A CANNABIS farmer has been locked up after a court heard he came to Wirral to grow the drug and claim free healthcare.

Arvydas Abromavicius, a Lithuanian national, was caught after police entered an address in New Ferry and found him alongside plants and growing equipment.

The 57-year-old was arrested and later charged with producing cannabis, before being hauled before Liverpool Crown Court for sentence.

He appeared via video link from prison, having been remanded in custody, and was assisted by a Russian interpreter.

The facts of the case were given by Paul Blasbery, prosecuting, who spoke of how police attended Onslow Road in New Ferry on February 19 this year.

Officers heard noises coming from inside the property in question and entered, finding a large tent inside between the living room and kitchen.

The defendant was sat inside the address on the couch beside the tent.

A search of the property revealed 70 cannabis plants were being grown, and these were seized alongside growing equipment.

Abromavicius was arrested and subsequently interviewed, where he answered ‘no comment’ to each and every question put to him.

Due to the plants only being recovered just over a month ago, no street value for the controlled class B drug was available to the court, it was said.

Mr Blasbery revealed that the defendant has ‘no previous convictions’.

On behalf of her client, Anna Duke referenced how Abromavicius pleaded guilty before Wirral Magistrates’ Court and should be afforded "maximum credit" for doing so.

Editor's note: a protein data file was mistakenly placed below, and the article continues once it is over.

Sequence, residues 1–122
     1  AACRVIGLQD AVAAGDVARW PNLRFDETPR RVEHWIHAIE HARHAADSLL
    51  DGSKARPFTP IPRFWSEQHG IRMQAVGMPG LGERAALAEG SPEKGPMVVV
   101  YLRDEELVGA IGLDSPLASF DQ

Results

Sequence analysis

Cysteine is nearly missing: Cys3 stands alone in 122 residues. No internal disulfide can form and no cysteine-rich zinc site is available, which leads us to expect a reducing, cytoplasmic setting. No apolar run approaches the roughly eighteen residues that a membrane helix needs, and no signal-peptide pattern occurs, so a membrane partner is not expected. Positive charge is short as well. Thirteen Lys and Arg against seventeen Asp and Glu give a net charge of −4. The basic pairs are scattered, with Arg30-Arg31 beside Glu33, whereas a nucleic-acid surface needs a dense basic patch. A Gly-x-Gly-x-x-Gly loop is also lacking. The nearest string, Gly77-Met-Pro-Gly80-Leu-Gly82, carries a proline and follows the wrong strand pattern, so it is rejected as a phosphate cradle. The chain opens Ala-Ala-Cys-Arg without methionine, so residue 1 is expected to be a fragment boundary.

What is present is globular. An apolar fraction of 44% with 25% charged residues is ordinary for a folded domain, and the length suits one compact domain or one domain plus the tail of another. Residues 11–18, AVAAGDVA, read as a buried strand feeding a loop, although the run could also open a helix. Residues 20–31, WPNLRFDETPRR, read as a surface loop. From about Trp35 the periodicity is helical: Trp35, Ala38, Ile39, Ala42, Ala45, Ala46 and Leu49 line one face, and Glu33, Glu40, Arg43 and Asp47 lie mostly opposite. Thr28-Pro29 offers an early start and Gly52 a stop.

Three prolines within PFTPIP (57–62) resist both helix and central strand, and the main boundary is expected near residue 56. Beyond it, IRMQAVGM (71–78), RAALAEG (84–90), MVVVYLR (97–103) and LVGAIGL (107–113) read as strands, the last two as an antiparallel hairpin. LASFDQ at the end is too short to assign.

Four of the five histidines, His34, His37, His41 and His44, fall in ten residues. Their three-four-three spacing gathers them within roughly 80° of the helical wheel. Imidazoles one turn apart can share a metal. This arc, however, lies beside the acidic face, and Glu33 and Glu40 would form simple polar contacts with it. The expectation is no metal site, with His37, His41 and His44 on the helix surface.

She said that he came to this country due to his own health problems and that of his wife, who was said to be "very ill".

It was also said that he came due to "not being able to work in Europe" and to access free healthcare, with this requiring payment in his native Lithuania.

It was confirmed however that he agreed while abroad and before entering the UK to engage in the criminal enterprise of growing the drug on arrival.

“He has been in custody since his arrest, and it has been quite unpleasant for him as he does not speak English and has been ostracised from his family,” Ms Duke said.

“He knows a custodial sentence has to follow. I ask your honour to keep it as low as possible.”

Before sentencing, judge Stuart Driver said: “You were abroad when you agreed to commit this offence, and you travelled into this country for the sole purpose of committing it.

“The sentence has been reduced for your guilty plea, but it cannot be suspended as appropriate punishment can only be achieved by immediate custody.”

Abromavicius, of no fixed abode, was sentenced to eight months in prison, of which he will serve half before being released under supervision and on licence.

The court also approved an order for the forfeiture and destruction of the cannabis plants and associated paraphernalia.